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Smash Up: The Story of a Woman [1947]

Director:Stuart Heisler
Writer:John Howard Lawson
Composer:Daniele Amfitheatrof
Frank Skinner
Length:103 minutes
(1 hour 43 minutes)
MPAA Rating:UR
Sorting Category:Drama
IMDB Rating:6.5/10
Amazon Rating:4.0/5 stars
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Synopsis: Angie Evans, fast-rising nightclub singer, interrupts her career to marry struggling songwriter Ken Conway.

Reaction: A bit of a morality tale, showing the danger of alcoholism. There's more of a story than on Reefer Madness, but it's still got a clear point here. However, the story and characters have a bit of charm.

Personal Rating: 6/10

Stuart Heisler => Director
John Howard Lawson => Writer
Daniele Amfitheatrof => Composer
Frank Skinner => Composer
Alice Fleming => Miss Tierman (uncredited)
Carl Esmond => Dr. Lorenz
Carleton Young => Fred Elliott
Charles D. Brown => Michael 'Mike' Dawson
Connie Leon => Mary, Angie's Maid (uncredited)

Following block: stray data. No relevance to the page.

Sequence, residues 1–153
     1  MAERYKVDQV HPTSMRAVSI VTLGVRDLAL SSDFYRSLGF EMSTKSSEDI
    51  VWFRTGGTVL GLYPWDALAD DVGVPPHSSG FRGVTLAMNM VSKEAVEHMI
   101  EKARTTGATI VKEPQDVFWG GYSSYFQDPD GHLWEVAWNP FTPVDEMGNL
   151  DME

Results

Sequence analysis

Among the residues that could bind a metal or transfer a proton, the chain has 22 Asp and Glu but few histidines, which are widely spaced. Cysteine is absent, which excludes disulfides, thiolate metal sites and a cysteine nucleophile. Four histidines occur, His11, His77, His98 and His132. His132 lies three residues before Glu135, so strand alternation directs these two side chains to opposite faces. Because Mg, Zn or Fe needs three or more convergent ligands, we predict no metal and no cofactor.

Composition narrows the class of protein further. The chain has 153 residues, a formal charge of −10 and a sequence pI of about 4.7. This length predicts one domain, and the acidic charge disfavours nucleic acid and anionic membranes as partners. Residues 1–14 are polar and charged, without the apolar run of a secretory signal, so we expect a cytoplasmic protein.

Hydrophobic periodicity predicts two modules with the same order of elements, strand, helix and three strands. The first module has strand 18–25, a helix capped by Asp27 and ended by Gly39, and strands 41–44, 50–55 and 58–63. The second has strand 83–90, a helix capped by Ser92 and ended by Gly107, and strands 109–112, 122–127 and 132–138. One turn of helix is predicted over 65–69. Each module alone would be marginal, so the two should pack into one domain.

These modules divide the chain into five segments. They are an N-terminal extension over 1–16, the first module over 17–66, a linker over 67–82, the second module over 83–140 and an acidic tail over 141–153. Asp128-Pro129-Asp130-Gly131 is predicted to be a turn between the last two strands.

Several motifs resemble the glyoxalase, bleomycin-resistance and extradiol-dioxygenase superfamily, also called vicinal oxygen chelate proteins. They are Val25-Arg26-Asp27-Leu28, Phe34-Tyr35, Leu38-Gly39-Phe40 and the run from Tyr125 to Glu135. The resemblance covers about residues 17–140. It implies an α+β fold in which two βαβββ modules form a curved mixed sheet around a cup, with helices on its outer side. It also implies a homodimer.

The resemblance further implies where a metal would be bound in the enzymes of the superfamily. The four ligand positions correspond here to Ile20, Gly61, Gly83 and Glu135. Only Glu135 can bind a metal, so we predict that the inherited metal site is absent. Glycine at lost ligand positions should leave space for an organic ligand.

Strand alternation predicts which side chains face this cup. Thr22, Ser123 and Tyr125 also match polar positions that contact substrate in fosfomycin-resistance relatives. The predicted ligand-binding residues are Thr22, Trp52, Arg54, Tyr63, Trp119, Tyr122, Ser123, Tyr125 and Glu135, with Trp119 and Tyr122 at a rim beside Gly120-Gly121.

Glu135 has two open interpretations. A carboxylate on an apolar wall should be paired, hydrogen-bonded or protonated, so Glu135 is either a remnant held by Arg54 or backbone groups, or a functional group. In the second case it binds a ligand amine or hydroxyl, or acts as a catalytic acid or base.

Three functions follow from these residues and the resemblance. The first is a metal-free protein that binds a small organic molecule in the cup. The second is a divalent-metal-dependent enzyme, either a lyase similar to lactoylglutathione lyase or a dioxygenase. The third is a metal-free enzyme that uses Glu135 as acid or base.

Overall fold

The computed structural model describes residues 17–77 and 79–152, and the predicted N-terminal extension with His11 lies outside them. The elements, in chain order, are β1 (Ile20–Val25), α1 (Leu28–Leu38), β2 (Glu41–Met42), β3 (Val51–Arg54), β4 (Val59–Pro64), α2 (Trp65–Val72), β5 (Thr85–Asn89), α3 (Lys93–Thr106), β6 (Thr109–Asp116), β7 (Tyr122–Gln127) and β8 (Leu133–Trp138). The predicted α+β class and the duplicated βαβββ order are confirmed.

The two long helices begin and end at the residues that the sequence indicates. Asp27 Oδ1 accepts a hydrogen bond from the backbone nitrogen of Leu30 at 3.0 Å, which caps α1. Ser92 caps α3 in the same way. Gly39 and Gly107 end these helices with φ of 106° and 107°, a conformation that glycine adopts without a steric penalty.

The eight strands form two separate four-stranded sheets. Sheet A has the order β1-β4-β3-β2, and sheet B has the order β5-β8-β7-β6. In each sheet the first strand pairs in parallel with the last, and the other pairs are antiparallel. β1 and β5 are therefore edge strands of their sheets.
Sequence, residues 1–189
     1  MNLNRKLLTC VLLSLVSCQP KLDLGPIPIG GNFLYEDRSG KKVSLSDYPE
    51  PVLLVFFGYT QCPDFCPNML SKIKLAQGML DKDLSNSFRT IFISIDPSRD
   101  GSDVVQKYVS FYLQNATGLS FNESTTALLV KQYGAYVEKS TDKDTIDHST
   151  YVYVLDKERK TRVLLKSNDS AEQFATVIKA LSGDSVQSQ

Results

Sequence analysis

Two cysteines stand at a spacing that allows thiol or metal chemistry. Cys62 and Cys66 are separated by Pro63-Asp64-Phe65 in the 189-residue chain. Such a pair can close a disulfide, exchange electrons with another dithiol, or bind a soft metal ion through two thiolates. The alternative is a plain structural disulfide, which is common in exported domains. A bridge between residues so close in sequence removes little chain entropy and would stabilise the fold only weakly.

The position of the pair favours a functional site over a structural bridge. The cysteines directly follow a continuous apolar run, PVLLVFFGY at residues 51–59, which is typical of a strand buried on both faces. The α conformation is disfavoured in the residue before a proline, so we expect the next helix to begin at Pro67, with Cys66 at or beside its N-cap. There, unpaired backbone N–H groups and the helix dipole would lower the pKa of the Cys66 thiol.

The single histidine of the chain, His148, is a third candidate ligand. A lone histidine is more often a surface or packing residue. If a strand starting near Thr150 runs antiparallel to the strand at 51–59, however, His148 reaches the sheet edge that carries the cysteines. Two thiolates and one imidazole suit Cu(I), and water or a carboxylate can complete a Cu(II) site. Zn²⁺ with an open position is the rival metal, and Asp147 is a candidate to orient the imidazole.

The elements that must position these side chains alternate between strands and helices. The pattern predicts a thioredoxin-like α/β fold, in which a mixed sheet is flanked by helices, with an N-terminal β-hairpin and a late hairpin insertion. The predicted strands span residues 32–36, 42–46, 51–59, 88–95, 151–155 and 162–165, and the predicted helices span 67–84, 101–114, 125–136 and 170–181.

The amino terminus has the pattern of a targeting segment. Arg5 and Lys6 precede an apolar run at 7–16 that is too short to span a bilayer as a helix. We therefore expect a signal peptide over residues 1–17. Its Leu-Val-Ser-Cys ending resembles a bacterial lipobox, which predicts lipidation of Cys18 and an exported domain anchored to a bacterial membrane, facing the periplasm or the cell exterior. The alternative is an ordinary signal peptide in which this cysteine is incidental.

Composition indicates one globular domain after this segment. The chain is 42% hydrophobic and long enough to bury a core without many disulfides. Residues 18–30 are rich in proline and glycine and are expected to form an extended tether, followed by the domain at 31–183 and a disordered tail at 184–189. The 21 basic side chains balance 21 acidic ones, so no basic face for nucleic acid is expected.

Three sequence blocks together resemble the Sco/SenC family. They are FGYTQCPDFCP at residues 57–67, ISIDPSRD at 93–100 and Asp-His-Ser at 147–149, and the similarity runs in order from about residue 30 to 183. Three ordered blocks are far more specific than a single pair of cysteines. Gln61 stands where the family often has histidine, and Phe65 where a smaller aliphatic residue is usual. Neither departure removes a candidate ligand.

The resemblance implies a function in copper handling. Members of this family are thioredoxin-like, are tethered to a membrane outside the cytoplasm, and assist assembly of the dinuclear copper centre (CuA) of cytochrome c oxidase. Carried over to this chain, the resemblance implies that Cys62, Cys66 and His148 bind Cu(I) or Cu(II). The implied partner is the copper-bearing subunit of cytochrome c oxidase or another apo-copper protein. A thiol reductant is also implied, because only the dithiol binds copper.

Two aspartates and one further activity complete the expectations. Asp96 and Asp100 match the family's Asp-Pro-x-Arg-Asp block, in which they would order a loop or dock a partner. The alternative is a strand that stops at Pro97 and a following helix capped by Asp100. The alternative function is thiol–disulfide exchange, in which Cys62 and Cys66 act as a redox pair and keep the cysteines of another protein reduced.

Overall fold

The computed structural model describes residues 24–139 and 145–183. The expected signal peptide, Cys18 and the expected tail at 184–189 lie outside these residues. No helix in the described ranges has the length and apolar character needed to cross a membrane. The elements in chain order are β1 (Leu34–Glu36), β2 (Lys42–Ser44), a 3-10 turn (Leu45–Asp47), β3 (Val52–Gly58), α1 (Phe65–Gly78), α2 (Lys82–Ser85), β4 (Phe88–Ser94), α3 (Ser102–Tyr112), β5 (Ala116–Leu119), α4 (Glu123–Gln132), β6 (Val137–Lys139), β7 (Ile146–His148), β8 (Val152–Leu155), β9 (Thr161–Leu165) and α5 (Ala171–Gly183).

Eddie Albert => Steve Nelson
Eddie Kane => Party Guest (uncredited)
Ernie Adams => Charley, Waiter (uncredited)
Frances Morris => Mrs. Benton, Baby's Nurse (uncredited)
George Meeker => Wolf, an Attorney (uncredited)
James Craven => Sam Winsley (uncredited)
Janet Murdoch => Miss Kirk, Baby Angelica's Nanny
Joe Recht => Jimmy, an Elevator Boy (uncredited)
John Valentine => Dr. Forbes (uncredited)
Lee Bowman => Ken Conway
Marsha Hunt => Martha Gray, Elliott's Secretary
Peg La Centra => Angie's Singing Voice (voice) (uncredited)
Robert Shayne => Mr. Gordon
Ruth Sanderson => Maggie (uncredited)
Sharyn Payne => Angelica 'Angel' Conway
Susan Hayward => Angelica 'Angie' 'Angel' Evans Conway
Tom Chatterton => Edwards, Ken's Butler (uncredited)

Random Trivia For This Title:

  • Reportedly suggested by the life and career of Bing Crosby and songstress wife [?] Dixie Lee; when his popularity as an entertainer eclipsed that of Lee, she drifted into extreme alcoholism, just as Susan Hayward's character does in film.
  • The PCA tried to dissuade [?] Walter Wanger from making the film, because the subject was recently explored in the movie The Lost Weekend and excessive drinking violated the production code. Wanger convinced them that it is permitted for furthering the plot and characterization, and he was given PCA approval.
  • [?] Walter Wanger consulted with the National Committee for Education of Alcoholism and used their suggestions about continued vigilance in the film. Similarly, director Stuart Heisler consulted with authorities on alcoholism.